Who Benefits from the Mortgage Interest Deduction?
One of the costliest tax deductions in the IRS code is the one that allows homeowners to deduct their mortgage interest from their income. The $477 billion in deductions taxpayers claimed last year (which includes second homes and home equity loans, and covers mortgages up to $1 million) is highly skewed to upper income households concentrated in the suburbs of a few major metropolitan areas and along the coasts.
One of us did a piece in THE WEEKLY STANDARD earlier this year arguing against the deduction for precisely this reason (since these people don’t need a government subsidy to buy a home) but some recent data allows us to clearly illustrate the inequitable distribution of benefits across the country. The map below—which we compiled using IRS data—shows the percentage of people in each congressional district that claim the mortgage interest deduction, and it demonstrates the extent to which claimants of the mortgage interest deduction are in the wealthier regions of the country. (A more detailed breakdown of where the beneficiaries of the mortgage interest deduction live can be found in our academic paper on the subject.)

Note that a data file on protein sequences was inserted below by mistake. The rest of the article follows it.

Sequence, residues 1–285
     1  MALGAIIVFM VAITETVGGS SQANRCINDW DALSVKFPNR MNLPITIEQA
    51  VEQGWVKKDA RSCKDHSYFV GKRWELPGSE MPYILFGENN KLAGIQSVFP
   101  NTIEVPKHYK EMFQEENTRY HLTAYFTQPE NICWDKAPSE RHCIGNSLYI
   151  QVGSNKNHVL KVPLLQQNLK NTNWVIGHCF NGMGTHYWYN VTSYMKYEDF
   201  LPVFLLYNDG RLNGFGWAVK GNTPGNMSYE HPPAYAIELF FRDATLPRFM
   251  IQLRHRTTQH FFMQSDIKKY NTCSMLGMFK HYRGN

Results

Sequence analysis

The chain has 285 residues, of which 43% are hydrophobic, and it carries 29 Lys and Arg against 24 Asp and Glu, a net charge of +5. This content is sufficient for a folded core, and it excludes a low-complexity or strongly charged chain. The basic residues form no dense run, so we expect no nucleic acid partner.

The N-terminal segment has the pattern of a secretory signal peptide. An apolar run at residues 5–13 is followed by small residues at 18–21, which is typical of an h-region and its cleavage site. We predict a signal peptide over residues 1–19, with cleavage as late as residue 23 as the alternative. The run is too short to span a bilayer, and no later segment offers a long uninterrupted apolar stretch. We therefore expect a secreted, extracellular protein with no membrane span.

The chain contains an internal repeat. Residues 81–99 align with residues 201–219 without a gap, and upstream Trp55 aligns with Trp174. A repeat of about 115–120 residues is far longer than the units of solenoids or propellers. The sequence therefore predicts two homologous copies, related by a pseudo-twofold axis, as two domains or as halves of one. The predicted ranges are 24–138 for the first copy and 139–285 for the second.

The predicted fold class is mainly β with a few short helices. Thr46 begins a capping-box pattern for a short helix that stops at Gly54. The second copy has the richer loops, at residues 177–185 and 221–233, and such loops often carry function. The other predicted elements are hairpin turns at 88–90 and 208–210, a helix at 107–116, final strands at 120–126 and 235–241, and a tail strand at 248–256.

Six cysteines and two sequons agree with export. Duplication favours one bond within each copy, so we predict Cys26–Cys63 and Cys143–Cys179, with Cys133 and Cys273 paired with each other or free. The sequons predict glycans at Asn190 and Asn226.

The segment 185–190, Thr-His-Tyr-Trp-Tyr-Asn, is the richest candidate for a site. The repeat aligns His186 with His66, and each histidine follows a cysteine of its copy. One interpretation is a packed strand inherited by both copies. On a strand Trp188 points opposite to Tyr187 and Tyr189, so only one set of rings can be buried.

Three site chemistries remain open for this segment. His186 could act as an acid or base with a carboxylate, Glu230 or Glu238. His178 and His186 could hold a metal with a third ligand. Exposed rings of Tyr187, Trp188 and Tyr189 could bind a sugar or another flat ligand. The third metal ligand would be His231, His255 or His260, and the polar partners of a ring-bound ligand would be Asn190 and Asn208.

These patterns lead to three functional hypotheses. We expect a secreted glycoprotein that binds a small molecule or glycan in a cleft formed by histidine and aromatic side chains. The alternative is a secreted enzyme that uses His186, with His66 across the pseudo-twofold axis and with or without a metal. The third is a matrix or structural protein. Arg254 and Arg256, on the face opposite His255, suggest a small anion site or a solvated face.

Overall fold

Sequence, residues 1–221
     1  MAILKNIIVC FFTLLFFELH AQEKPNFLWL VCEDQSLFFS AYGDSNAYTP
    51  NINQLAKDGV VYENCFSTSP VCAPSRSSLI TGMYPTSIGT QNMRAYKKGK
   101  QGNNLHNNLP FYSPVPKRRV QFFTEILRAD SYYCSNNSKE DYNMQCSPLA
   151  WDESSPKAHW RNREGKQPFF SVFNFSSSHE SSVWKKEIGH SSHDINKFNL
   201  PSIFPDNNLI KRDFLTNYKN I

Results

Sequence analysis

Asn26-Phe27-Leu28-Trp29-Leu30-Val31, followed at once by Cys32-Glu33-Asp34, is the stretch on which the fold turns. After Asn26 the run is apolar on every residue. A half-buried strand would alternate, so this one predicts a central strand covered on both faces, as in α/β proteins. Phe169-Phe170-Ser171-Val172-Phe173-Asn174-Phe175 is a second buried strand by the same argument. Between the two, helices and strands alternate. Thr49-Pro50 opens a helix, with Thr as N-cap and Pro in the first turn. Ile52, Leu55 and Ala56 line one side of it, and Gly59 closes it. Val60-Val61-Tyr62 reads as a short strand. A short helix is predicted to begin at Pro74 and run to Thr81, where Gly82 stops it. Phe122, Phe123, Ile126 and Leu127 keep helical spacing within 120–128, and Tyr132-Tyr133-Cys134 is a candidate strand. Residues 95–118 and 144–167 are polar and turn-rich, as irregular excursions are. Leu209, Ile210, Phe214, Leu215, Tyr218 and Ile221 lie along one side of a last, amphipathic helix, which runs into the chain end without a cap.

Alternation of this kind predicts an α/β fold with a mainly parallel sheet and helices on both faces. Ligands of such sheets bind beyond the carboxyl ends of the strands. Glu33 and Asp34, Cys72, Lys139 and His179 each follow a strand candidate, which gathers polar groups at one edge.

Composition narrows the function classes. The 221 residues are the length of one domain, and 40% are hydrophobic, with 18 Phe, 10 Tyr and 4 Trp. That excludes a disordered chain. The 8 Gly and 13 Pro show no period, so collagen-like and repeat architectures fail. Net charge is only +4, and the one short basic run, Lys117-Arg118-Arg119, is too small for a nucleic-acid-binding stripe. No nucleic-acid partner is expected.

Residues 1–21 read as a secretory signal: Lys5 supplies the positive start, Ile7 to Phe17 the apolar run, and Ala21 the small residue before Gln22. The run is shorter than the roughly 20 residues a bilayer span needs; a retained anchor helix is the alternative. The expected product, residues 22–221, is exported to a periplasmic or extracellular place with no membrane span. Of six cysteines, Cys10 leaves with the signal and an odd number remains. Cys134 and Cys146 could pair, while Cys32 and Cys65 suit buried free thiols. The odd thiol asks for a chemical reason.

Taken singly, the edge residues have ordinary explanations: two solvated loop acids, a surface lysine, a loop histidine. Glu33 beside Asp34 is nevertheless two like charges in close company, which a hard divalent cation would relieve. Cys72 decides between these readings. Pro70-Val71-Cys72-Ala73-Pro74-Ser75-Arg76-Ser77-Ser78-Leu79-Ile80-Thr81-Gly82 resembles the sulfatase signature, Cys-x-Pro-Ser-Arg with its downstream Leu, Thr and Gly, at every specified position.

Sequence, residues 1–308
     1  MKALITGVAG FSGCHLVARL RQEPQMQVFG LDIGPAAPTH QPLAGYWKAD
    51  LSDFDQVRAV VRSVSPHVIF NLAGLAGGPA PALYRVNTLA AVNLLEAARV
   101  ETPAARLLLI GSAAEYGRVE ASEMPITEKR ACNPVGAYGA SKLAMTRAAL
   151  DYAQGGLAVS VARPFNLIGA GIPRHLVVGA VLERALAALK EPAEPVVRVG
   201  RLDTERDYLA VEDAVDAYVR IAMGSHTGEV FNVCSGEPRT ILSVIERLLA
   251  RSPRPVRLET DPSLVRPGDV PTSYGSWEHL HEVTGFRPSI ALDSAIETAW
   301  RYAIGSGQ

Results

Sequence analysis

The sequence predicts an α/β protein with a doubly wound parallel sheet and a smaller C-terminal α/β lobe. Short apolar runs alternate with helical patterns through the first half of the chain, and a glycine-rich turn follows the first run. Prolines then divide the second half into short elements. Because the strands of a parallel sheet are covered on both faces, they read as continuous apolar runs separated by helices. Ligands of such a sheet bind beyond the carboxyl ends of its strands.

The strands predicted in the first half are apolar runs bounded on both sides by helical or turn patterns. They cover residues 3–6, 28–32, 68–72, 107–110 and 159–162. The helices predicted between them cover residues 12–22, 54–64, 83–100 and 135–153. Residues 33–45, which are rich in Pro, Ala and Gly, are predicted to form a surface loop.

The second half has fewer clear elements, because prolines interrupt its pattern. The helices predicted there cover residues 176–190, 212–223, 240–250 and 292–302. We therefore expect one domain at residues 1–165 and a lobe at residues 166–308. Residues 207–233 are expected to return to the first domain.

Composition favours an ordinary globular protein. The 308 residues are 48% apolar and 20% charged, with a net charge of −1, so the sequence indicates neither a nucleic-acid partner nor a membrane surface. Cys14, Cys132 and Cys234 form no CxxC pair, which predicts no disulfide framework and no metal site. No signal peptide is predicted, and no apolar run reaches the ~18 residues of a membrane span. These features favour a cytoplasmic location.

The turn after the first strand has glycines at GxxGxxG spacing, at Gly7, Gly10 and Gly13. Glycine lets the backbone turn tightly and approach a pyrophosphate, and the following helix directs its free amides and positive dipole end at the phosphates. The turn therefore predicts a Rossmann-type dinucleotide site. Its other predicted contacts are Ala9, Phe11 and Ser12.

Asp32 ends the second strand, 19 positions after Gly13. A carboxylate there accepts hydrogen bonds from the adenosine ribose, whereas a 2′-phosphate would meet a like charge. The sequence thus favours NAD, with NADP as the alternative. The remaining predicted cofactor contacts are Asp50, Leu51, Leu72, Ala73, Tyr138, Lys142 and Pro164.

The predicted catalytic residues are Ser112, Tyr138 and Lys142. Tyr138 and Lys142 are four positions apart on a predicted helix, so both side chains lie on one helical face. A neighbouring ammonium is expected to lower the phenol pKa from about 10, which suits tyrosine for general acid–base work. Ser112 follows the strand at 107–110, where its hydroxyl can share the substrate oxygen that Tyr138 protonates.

But even this map understates the extent to which these elite communities benefit from the deduction: not only are they more likely to be buying houses and taking the deduction in Greenwich than in Peoria, but the very nature of any tax deduction in a progressive tax code means that the average benefits of the Greenwich homeowner dwarf what the Peorian is getting. Someone with a $1 million mortgage who earns over $300,000 a year could see the government essentially giving him a $20,000 a year subsidy for his home, while a family making $70,000 a year with a $150,000 mortgage would not receive a penny, since his puny deduction (under $2,000) would be less than the standard deduction.
The president and his supporters have been clamoring for a more progressive tax code that collects more money and makes the rich pay their “fair share.” Here is a tax break that costs the treasury over $100 billion a year that goes almost solely to the wealthy. Incidentally, the $100 billion is almost equal to the amount of revenue that would be gained by repealing the Bush tax cuts for people earning over $250,000 a year.
Andrew Hanson and Zach Hawley are professors at Georgia State University in Atlanta. Ike Brannon is director of Economic Policy at the American Action Forum.
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